Osweald motioned to several guards as he replied, “They will be summoned, Sire.”

King Ealdmund chuckled, “If they knew why they were being called, they may not respond.”

Æthelweald asked, “Why is that Sire?”

The king smiled, “I plan to make Duke Leofhelm chancellor and Earl Sigeric spymaster. Once done, we can discuss our first order of business.”

Curious, Osweald inquired, “What is that?”

Ealdmund smirked, “Convincing the new Countess of Wiltshire, it is in her best interest to be part of England than our Nordic neighbor to the north.”
 
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All seemed proceeding as smoothly as these things go, until at the end a cat of a thought was launched into the harmonious pigeons.
 
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The House of Northumbria has been restored and starts off with dreams of reconquest.

Unfortunately the file I have the screenshots stored in will not open. Since many were taken during game play I cannot recreate them. This means for the next couple of chapters there will be no screenshots.
 
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Chapter 9.46 1040 - November – Cardiff - Glamorgan

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Chapter 9.46

1040 - November – Cardiff - Glamorgan


Anarawd slowly approached his father who stood in the courtyard lost in thought staring at a waterless fountain. His feet rustling through the dried leaves alerted Padern Anarawd was close. The son took a position to his father’s left. Neither spoke for a time.

“Father?” Anarawd asked uncomfortably.

Without moving his gaze from the fountain, Padern said, “Your grandfather, Jarl Emrys, the Great Marshal, built this fountain to mimic the one in the courtyard at the king’s keep.”

Anarawd responded in an awkward voice, “Yes, you have spoken of it many times.”

They fell into silence again.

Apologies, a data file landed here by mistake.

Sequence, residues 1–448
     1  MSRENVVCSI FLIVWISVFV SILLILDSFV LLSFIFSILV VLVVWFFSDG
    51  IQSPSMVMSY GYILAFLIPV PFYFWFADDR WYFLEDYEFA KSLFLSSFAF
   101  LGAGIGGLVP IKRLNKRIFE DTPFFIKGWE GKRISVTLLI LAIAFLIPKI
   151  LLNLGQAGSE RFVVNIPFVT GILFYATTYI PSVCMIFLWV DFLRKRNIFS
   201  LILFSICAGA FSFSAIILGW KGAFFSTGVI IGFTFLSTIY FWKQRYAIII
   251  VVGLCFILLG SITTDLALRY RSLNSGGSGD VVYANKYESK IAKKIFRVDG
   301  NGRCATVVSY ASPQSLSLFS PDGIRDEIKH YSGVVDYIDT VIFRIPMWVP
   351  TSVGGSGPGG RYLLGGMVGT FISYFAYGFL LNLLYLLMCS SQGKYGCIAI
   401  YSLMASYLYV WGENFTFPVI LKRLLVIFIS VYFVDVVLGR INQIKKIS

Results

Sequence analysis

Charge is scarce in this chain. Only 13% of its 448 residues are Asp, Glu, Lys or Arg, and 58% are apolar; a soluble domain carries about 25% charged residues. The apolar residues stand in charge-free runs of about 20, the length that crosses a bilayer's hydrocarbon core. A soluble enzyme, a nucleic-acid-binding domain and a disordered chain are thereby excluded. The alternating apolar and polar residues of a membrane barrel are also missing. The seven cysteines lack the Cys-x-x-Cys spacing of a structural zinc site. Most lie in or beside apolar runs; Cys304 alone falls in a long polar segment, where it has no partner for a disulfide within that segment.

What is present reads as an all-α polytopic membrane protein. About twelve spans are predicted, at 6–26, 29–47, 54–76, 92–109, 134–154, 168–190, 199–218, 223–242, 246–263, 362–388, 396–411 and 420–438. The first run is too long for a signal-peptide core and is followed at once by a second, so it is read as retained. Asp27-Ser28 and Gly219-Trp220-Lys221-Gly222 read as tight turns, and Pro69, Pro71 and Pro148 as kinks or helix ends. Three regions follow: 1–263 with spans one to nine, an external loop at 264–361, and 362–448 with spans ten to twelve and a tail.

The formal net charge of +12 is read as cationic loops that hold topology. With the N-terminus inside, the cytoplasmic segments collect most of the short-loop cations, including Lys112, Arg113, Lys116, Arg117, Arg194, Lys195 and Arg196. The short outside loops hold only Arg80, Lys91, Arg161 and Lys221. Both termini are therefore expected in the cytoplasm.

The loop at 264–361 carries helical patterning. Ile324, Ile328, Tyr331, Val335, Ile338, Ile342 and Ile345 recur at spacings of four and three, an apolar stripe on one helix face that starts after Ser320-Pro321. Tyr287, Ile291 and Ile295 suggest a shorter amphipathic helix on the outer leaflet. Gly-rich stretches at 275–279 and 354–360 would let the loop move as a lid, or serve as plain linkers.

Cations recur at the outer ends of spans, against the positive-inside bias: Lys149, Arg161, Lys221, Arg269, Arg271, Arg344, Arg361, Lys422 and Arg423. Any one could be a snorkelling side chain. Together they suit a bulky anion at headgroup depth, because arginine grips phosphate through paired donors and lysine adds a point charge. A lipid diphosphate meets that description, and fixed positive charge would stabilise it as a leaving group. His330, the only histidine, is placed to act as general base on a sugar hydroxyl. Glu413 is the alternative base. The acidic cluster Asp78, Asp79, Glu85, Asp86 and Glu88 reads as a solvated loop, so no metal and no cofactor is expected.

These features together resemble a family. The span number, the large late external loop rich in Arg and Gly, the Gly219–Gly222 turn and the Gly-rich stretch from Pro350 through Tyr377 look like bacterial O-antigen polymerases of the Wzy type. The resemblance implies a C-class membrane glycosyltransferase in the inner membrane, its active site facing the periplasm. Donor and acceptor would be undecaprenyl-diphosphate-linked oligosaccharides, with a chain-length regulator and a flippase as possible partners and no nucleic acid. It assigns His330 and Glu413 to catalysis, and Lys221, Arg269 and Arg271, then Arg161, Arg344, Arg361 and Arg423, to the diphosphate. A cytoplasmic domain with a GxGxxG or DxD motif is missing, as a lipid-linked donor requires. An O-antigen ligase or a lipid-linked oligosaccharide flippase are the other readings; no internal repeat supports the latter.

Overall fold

“The priests say she dwells in a better place. At peace with no pain,” stated Padern.

Anarawd nodded, “Mother suffered long with the cancer. We all understood this day would come.”

Padern gazed at the ground, “At length we spoke of her death. She welcomed it as an end to her suffering. I thought I also accepted it.” He looked at his youngest son, “Now she is gone and the one thing I want is my Wulfhild here with me where I can gaze about her sweet face once more. Hear her beautiful voice again.”

Anarawd swallowed hard, his eyes watering, “I too miss her.”

His eyes and his fist clinched, Padern said, “Wulfhild is barely at rest in her tomb and the cruel hand of fate preys upon me like a ravenous beast feeding on my sorrow.”

Anarawd stood silent. He too experienced the pain of which his father spoke.

Padern raised his fist, opening it and placing it before Anarawd’s face. He growled as he shook his hand, “Five, five damned days.”

At first Anarawd feared his father might strike him, such was their relationship. As the third son Padern had little occasion for Anarawd and when he did, he was cold and unapproachable. Often, he was cruel.

Anarawd understood his mother’s death was not the only reason his father reacted as he did. He worked up the courage and replied, “Emrys had been ill for months. He hid it from mother and you so as not to trouble you more.”

Padern slammed his fist into his palm. “Trouble me less? How? I now have buried my firstborn alongside his mother.”

Anarawd tried to calm his father, “No one grasped how sick he was. None reckoned he would go to sleep and not wake in the morning.”